Ronald L. Gilliland, William J. Chaplin, Jon M. Jenkins, Lawrence W. Ramsey, Jeffrey C. Smith

Research output: Contribution to journalArticlepeer-review

38 Scopus citations


An earlier study of the Kepler Mission noise properties on timescales of primary relevance to detection of exoplanet transits found that higher than expected noise followed, to a large extent, from the stars rather than instrument or data analysis performance. The earlier study over the first six quarters of Kepler data is extended to the full four years ultimately comprising the mission. Efforts to improve the pipeline data analysis have been successful in reducing noise levels modestly as evidenced by smaller values derived from the current data products. The new analyses of noise properties on transit timescales show significant changes in the component attributed to instrument and data analysis, with essentially no change in the inferred stellar noise. We also extend the analyses to timescales of several days, instead of several hours to better sample stellar noise that follows from magnetic activity. On the longer timescale there is a shift in stellar noise for solar-type stars to smaller values in comparison to solar values.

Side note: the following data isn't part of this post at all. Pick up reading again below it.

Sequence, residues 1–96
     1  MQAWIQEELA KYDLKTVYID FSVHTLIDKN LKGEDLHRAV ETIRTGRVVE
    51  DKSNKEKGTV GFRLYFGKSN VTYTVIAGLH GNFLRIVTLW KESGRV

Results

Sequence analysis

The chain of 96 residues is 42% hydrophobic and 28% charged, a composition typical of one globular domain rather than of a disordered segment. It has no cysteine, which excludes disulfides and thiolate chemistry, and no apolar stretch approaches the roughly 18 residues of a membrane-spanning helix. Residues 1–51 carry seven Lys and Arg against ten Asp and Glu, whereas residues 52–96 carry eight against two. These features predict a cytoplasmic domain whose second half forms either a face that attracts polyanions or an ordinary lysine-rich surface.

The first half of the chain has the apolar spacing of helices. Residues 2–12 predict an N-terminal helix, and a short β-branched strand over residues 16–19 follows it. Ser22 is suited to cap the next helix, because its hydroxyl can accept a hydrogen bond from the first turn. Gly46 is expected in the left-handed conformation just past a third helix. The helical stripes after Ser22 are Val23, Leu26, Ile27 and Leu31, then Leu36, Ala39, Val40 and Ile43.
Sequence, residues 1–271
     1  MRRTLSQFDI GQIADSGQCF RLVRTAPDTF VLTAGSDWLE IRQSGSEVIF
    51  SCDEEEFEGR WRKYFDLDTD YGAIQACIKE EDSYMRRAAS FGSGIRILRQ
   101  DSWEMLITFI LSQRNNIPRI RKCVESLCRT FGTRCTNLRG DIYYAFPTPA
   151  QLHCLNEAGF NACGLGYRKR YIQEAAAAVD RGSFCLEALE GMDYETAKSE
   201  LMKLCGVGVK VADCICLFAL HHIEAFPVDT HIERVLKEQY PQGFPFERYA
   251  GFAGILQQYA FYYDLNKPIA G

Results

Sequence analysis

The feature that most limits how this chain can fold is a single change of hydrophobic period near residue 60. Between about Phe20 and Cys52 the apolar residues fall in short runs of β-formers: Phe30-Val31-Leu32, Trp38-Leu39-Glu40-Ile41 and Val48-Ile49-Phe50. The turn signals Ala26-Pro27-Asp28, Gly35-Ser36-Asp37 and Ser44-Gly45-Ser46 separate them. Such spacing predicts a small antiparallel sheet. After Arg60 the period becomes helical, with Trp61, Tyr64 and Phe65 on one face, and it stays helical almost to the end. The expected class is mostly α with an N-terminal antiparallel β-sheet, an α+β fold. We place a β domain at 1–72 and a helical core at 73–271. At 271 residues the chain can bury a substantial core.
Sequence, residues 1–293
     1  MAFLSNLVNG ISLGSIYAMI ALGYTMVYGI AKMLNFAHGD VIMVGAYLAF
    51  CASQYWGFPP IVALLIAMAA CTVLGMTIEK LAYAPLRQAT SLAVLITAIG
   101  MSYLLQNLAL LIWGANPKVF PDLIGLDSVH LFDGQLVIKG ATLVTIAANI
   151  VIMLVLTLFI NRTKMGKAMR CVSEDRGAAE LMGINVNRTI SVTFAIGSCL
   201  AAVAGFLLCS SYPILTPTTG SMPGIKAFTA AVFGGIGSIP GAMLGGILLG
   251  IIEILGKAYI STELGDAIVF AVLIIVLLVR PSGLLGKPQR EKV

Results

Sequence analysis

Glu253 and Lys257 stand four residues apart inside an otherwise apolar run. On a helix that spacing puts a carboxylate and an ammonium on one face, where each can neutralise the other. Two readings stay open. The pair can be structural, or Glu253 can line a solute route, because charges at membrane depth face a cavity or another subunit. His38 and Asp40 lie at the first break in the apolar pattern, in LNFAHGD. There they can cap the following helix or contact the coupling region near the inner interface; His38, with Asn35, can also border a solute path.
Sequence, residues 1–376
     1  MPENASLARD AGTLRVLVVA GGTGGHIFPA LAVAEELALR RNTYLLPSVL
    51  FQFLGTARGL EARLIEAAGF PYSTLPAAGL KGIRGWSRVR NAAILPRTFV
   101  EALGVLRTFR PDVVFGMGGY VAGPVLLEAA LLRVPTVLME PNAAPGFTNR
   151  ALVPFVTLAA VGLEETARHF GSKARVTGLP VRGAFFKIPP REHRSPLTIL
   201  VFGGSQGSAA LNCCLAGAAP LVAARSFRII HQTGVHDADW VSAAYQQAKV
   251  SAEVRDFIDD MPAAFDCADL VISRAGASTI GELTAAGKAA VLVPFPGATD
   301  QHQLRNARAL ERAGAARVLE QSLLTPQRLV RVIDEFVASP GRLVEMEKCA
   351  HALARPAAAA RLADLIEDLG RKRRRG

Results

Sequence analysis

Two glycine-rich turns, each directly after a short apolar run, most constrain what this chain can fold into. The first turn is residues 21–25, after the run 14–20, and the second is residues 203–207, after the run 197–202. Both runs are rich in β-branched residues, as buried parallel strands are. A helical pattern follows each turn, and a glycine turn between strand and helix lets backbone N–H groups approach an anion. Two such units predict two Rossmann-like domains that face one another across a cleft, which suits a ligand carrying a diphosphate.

Original languageEnglish (US)
Article number133
JournalAstronomical Journal
Issue number4
StatePublished - Oct 1 2015

All Science Journal Classification (ASJC) codes

  • Astronomy and Astrophysics
  • Space and Planetary Science


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